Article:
Children in Victorian Britain: Henry at boarding school

Lesson Plan

By Jacqui Dean, published 2nd December 2010

Please note: this free resource pre-dates the 2014 National Curriculum. For more recent resources see:

In this lesson children pursued an historical enquiry, raising questions and using original sources. They gained an understanding of conditions in early nineteenth-century boarding schools.

They read and interpreted difficult and challenging texts, and developed their understanding and use of the persuasion genre.

Boarding schools

Many children have read well-known stories about life in a boarding-school, but the class's Victorian topic books all focused on day schools

I had a copy of an 1822 letter written by an unhappy boarder named Henry to his father. The letter could illuminate for the children that in the 19th century working class children were not the only ones to suffer miserable living conditions. It also formed the first clue in a personal story that unfolded over the two lessons.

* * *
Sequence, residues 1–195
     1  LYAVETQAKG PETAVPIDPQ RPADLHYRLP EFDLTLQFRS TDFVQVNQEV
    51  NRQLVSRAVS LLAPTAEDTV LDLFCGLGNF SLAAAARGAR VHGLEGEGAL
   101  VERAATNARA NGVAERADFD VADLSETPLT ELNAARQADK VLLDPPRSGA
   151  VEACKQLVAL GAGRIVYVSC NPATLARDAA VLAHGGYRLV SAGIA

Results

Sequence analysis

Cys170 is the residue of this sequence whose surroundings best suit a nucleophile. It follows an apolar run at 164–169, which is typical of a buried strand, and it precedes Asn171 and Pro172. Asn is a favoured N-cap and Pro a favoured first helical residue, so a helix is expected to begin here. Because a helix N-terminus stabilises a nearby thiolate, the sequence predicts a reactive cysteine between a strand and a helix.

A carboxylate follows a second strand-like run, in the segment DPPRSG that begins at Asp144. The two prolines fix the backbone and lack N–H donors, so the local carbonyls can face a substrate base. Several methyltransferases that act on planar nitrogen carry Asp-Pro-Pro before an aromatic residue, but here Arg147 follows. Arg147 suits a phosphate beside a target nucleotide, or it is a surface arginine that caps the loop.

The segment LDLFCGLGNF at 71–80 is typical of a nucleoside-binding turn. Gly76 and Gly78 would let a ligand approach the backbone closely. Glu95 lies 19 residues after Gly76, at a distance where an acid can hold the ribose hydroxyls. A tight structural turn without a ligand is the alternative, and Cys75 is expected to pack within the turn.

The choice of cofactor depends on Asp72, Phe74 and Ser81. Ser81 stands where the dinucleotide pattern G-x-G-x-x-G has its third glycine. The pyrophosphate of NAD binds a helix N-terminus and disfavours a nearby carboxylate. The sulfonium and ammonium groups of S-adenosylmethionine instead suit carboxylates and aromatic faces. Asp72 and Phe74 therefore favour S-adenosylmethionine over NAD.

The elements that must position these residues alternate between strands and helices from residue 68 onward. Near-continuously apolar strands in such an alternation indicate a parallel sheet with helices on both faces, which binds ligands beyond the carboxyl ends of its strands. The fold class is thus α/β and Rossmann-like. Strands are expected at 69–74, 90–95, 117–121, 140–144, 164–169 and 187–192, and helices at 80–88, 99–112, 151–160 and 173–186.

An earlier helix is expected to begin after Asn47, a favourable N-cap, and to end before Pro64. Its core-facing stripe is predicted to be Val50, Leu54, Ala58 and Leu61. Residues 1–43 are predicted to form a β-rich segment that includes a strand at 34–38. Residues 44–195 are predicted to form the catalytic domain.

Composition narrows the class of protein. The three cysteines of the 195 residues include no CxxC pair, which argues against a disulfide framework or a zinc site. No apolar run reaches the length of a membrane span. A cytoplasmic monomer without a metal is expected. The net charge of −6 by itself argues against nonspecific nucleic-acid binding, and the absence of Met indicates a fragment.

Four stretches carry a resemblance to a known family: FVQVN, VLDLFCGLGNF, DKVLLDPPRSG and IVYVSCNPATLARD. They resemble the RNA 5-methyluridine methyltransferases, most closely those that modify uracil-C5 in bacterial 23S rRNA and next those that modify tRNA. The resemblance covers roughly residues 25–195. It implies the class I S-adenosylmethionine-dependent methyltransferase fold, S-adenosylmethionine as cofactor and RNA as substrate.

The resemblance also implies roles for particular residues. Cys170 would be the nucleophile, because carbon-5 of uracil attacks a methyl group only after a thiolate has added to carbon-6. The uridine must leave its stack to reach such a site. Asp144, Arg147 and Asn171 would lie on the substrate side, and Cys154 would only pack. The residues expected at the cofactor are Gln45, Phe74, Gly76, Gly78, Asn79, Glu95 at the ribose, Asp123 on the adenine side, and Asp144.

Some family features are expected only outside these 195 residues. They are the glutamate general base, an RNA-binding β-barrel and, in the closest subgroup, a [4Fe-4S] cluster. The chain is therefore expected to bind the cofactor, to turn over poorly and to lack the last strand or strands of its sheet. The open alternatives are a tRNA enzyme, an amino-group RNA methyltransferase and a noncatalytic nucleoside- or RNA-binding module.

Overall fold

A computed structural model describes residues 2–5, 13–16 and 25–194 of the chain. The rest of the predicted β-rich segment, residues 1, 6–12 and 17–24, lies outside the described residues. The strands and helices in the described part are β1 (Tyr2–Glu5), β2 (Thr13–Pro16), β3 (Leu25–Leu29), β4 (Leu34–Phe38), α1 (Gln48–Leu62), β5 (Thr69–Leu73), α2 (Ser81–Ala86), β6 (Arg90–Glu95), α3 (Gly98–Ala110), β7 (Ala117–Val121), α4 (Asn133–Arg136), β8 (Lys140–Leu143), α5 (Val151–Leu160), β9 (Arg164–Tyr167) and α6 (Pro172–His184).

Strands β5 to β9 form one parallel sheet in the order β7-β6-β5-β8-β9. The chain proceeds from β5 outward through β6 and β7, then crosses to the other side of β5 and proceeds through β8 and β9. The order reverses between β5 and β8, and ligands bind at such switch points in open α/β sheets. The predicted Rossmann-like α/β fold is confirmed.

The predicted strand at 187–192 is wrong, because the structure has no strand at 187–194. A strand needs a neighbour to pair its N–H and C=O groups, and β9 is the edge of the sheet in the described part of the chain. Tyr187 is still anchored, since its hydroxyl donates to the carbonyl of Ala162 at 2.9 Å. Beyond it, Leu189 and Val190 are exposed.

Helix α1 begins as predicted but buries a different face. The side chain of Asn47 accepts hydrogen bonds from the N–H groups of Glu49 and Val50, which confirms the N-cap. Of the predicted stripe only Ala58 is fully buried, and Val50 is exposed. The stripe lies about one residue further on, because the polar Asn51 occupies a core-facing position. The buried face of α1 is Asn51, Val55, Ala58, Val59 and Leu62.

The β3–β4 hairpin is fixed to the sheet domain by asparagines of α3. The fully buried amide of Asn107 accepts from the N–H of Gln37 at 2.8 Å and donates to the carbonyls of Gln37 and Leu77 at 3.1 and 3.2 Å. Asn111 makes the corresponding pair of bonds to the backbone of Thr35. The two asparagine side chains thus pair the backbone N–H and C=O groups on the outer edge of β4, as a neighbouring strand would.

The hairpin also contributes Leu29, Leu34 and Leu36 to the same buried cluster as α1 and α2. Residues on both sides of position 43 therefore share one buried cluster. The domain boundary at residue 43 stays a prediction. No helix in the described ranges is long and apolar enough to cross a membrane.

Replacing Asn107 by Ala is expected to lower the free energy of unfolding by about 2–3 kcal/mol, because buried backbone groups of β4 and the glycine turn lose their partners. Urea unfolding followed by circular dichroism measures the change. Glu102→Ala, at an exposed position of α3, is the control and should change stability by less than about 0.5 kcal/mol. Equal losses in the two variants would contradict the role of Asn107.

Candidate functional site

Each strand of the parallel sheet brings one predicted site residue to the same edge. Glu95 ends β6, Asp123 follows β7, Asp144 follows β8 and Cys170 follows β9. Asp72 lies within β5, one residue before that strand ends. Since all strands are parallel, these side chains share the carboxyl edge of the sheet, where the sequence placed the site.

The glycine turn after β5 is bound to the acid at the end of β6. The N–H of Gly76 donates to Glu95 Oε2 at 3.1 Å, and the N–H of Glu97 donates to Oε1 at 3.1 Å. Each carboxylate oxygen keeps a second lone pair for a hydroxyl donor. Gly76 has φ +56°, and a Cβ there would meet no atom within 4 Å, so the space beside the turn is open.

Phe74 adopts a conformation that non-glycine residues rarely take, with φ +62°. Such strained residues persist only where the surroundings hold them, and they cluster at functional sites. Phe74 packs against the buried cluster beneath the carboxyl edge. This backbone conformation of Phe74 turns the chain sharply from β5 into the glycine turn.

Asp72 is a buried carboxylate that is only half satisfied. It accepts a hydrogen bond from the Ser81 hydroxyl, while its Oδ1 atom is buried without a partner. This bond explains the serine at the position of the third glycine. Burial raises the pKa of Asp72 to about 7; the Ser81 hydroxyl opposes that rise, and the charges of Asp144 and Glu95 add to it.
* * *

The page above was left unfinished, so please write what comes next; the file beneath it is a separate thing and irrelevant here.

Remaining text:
Henry's boarding school flourished in the first half of the nineteenth century. Charles Dickens' Nicholas Nickleby fictionalised such Victorian boarding schools in the graphically-described Dotheboys Hall. His publicising such school conditions helped to improve them as the century progressed.

We taught these two lessons midway through the Victorian Britain Study Unit. In earlier sessions we had investigated the conditions of children working in the coal mines (see Children in Victorian Britain: Down the Mine).

(These resources are attached below)

Attached files: